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Friday, February 24, 2017

House Bill 2689 was introduced on Friday, and is that chamber’s version of an education savings account bill. As we've said before, WVEA is opposed to education savings accounts. They would only do more damage to public education in the midst of a statewide budget crisis.

Language in the bill, which is similar to S.B. 273 in the Senate, says the amount of an education savings account would be equal to the percentage given to the Mountaineer Challenge Academy. For the current year, the amount paid by counties for students who graduated from the Challenge Academy was more than $3,003 per student. That could be a significant blow to county school systems.

Also, the bill allows for parents who educate their child themselves (homeschooling, for example) but do not apply for an education savings account to be eligible for a $2,500 tax credit per child.

WVEA will keep you posted on both S.B. 273 and H.B. 2689.

Also Friday, S.B. 231 advanced to the passage stage in the Senate. It may be up for a vote on Monday. It would allow county boards of education to determine whether it is worth their effort to seek Medicaid reimbursements for eligible student services.

Language states that while the state board may delegate provider status and subsequent reimbursement to RESAs and/or county boards, the county board may determine whether there is "a net benefit after consideration of costs and time involved with seeking Medicaid reimbursements" for eligible services and also determination that the billing process doesn't detract from a county's educational program.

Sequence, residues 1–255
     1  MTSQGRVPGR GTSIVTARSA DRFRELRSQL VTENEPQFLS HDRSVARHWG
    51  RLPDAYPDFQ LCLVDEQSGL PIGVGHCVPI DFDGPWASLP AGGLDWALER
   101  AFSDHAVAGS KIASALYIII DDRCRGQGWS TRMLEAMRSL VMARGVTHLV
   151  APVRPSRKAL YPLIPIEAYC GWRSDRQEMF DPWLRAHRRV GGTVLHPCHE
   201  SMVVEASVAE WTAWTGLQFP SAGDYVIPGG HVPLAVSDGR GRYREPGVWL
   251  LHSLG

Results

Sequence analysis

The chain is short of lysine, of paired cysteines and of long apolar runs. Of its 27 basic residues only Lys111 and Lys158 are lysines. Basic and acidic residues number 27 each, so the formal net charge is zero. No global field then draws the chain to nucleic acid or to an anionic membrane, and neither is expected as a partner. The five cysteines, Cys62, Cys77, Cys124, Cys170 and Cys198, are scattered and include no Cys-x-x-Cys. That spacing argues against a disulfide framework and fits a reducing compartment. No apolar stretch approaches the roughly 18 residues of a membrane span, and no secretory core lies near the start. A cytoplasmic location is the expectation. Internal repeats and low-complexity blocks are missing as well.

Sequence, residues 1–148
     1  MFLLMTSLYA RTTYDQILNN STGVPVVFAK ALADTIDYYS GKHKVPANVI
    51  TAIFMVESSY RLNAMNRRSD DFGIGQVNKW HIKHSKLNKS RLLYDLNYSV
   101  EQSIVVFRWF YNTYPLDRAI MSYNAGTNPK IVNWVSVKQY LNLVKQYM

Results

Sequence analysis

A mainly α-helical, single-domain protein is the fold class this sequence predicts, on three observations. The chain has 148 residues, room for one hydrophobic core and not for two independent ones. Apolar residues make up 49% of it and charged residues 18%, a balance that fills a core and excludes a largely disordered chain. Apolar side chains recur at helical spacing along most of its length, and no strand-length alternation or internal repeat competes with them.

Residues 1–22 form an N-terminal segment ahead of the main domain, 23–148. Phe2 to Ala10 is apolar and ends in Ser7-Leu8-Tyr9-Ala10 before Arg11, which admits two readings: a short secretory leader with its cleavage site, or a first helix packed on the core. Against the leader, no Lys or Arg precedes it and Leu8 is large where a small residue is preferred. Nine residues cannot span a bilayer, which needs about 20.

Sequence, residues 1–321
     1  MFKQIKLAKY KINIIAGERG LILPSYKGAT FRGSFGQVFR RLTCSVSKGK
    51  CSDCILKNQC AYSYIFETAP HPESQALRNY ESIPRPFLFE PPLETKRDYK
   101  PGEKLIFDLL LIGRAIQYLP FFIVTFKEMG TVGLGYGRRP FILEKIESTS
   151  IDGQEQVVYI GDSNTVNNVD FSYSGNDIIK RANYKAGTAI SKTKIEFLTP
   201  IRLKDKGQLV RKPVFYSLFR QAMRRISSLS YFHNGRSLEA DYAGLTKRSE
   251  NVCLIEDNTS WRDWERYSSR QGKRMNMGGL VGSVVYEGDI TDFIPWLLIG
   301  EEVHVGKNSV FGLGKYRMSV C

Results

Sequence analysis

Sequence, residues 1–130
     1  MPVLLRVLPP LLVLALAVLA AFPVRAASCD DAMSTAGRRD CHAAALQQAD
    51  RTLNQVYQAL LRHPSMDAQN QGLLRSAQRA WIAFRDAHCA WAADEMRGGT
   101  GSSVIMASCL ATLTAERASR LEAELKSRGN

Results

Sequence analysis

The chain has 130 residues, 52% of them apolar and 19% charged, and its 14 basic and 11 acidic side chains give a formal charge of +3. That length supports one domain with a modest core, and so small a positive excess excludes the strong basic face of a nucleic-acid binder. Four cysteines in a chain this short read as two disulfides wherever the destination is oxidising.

Considering the costs and time involved, some county school officials do not see a benefit in seeking the Medicaid reimbursements.

A similar bill, H.B. 2420, will be on first reading in the House on Monday.

Thursday, February 23, 2017

Governor Jim Justice's 60-page education bill was introduced in the Senate on Thursday.

Some details of Senate Bill 420:

| An $808 raise for classroom teachers

| Language that says educators will receive uninterrupted time for planning periods each week, and that administrators may not require a teacher to use planning period time "to complete duties beyond instructional planning."

| The state Board of Education may define the equivalent of the minimal amount of instructional time per year that means 180 instructional days.

| The A-F school grading system will end by amending school accreditation, accountability and school performance to include multiple measures. (The state board will be responsible for defining the multiple measures.) 

| All funding for RESAs is eliminated. Counties will be urged to collaborate on issues like purchasing and professional development that the RESAs currently take on.

| The Office of Education Performance Audits would be abolished.

Be sure to read this week's Legislative Update for more details about the bill. We will keep you updated on its progress and whether a companion bill is introduced in the House.

Also Thursday, the Senate Education Committee advanced a bill (S.B. 18) that would eliminate the Smarter Balanced or the PARCC assessments and would instead require new summative assessments for college-readiness (in the 11th grade) and careeer-readiness. The state Board of Education has recently begun to head in this new direction on assessments as well.